She read an awful lot, did our H. She only wrote a little. She heard an awful lot of music, and sang with a band thrice a week for the better part of 13 years. She only composed a little. Her biggest fear was mediocrity. She wielded her erudition like a weapon; prayed it would pass off for genuine intelligence - and, of course, that nobody would discover the difference. She used aforementioned erudition too, as one ought to be able to do with any good weapon, like a shield. To hide behind. Hide what? Well, that wrinkle newly appearing on her face, that little roll of fat around her once tiny waist, the feeling that she was (somehow) an impostor in her chosen field(s), the sinking realisation (or presumption - she was never sure which) that she was more of this world than she liked to believe, that she was heartbreakingly human despite her assertion that hers was an alien creed, and finally, whether this really was all there was. This she cloaked in what most who saw her deemed confidence or arrogance, depending on the generosity of their spirit, or the capacity in which they met her.

She loved, sometimes. She suspected she was a cold-hearted bitch, because she could switch off, retire into her mind which was always her favourite play thing, and contentedly sit out most storms there, snug as a bug in a rug. This was not to say she loved in half-measure, but she was scared by how quickly she was capable of being disenchanted; or worse, indifferent. She was scared of everything and nothing simultaneously. This was largely because, at age 15, she awoke with a start one night. She realised she had been sobbing and gasping for breath in her sleep. H was convinced that this was her last night on earth - alive, anyway - and she was scared of sleeping again for the fact of the yawning neant waiting to claim her for itself. Since then, she seemed to make an uneasy sort of peace with the idea of death. No, she didn't have some sort of revelation that each sorry day needs to be seized or anything as dramatic as that, but she did decide that she had to pack her life with as much seeing and doing as she possibly could. Also, selfishly, she hoped that she wouldn't outlive her parents - the only two people she loved decidedly more than (definitely as much as, at any rate) life [you would too, if you were lucky enough to know them] and the few others around whom the planet that was H revolved or rotated or whatever it is planets are meant to do around their axes.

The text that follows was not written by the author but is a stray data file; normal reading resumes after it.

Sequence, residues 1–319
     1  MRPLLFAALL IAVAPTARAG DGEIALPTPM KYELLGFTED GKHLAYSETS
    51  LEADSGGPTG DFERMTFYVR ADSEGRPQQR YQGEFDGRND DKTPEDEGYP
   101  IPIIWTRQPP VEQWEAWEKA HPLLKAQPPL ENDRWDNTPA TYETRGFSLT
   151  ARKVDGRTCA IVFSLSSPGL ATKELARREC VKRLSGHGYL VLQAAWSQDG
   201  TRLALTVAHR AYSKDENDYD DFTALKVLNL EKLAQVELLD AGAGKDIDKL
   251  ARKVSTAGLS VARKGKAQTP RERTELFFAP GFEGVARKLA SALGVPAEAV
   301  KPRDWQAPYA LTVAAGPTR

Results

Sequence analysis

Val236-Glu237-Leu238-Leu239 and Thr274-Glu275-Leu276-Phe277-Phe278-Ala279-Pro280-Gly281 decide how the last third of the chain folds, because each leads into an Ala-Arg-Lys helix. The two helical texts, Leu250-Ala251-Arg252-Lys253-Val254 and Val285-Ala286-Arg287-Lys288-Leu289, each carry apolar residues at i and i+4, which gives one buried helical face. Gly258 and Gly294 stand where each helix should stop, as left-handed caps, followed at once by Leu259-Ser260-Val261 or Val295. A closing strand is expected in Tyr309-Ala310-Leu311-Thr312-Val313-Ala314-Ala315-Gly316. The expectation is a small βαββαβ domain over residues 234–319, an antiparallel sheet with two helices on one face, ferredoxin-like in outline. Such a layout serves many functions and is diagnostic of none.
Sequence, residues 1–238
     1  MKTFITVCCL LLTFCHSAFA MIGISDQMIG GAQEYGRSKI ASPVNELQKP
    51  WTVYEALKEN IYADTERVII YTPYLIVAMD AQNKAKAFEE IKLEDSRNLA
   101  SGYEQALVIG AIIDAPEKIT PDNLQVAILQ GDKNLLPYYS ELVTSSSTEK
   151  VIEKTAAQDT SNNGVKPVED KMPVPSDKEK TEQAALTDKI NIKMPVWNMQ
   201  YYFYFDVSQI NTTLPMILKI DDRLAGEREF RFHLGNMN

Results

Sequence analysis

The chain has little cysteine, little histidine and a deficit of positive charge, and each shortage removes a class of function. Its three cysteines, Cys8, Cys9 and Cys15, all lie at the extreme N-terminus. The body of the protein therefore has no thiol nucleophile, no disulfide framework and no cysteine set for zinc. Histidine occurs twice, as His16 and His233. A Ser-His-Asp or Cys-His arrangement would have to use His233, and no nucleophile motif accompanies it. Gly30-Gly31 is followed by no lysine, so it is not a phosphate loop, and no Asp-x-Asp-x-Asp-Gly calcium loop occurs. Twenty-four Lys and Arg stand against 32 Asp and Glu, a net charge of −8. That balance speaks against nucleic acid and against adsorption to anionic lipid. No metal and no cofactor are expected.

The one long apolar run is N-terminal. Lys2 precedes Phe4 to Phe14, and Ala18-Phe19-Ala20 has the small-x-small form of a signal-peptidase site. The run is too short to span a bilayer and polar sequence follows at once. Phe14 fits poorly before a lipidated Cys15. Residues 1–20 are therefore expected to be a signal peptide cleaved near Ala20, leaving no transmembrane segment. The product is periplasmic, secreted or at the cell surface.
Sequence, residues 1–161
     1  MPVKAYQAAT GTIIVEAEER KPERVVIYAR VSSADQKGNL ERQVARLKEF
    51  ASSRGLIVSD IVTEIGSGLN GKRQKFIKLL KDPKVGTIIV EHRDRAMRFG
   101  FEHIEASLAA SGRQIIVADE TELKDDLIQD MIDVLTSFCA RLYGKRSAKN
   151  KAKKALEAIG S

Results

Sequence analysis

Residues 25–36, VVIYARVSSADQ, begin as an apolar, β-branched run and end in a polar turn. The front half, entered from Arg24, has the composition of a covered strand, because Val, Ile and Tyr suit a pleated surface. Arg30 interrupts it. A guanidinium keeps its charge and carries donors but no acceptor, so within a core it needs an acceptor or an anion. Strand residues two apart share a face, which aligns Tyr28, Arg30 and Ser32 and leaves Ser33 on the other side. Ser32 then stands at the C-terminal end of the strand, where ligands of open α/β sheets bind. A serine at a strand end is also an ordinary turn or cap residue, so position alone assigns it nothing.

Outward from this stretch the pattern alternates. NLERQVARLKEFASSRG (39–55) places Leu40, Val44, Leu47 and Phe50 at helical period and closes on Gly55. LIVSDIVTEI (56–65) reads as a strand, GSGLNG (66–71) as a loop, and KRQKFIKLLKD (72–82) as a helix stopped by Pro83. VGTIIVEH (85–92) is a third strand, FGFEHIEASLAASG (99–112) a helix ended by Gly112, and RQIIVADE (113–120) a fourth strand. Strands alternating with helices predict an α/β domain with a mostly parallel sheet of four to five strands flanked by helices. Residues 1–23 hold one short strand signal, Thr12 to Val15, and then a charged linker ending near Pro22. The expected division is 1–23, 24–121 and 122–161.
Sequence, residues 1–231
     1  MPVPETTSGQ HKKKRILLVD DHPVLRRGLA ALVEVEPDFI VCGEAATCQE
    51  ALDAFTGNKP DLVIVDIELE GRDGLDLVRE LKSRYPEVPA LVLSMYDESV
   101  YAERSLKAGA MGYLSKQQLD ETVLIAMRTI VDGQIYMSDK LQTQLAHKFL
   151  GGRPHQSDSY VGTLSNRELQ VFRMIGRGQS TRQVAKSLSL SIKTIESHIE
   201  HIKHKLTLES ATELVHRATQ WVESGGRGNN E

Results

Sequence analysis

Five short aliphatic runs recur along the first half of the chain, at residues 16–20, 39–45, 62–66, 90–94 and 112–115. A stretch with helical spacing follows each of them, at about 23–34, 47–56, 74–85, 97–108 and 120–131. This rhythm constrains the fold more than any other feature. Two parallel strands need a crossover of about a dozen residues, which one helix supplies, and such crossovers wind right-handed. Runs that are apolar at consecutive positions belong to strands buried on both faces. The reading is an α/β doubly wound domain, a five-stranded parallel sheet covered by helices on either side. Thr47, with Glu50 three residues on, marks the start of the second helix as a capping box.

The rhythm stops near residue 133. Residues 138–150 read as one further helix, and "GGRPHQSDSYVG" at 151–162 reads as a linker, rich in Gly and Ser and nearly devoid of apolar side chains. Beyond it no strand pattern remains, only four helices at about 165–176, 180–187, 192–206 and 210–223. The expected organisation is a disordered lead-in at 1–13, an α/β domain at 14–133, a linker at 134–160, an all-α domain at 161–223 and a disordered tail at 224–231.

H would like you to read this post as an obituary. Not because she is deceased, but because she believes we change every second of every day. Not in dramatic ways, perhaps, but change we do. Why, there are some events in her own life which seem so remote, she can't believe they ever transpired. But they did. Is she disowning her past life? No. Is she seeking absolution because the person she is this minute is a different one? Again, no. Why? Because the people that we become are the by-or-end products of the people that we were, and every last thing we've seen, heard, dreamed, touched, felt, abandoned, hurt, carried, loved, shot, eaten, plucked, planted, shorn, revised, bitten, swatted or glued together, bloody well counts. So, this is an obituary for the Hs that were, to make room for those that are, and those that will come.
She wrote this post today as a response to something a friend (dear; so dear. and talented - so bloody talented) sent her a few days ago. From him she took the idea of masking autobiography by couching it in the form of an Obit. She got distracted along the way, as has been the story of every H there has been yet, and therefore mused on the form-proper and what it meant to 'be' or not to 'be'. More, to 'become'. Hanged if I know what, though.

And now, back to the thesis. *sigh. I was actually quite enjoying this.      

Monday, April 9, 2012


Or, what I found when I looked into notebooks which were my only friends during meetings past.

Ostentation is in fashion -
Wear your caste, class, house,
Use your clout; shout out
that you've got it

Loud, so that they know you've arrived.

Who says Partition wasn't tangible?
You can touch it in the hardened
identities and fixed ideas we wear

Who (not what) underpins you?
Do I?
Is it your self?
Man, woman, other?
F(r)ag~men~t M
E now.
Perhaps this is what is known as self-centred-ness.

I wonder if
it'd still be cold
in Gujarati.
Translation has pitfalls.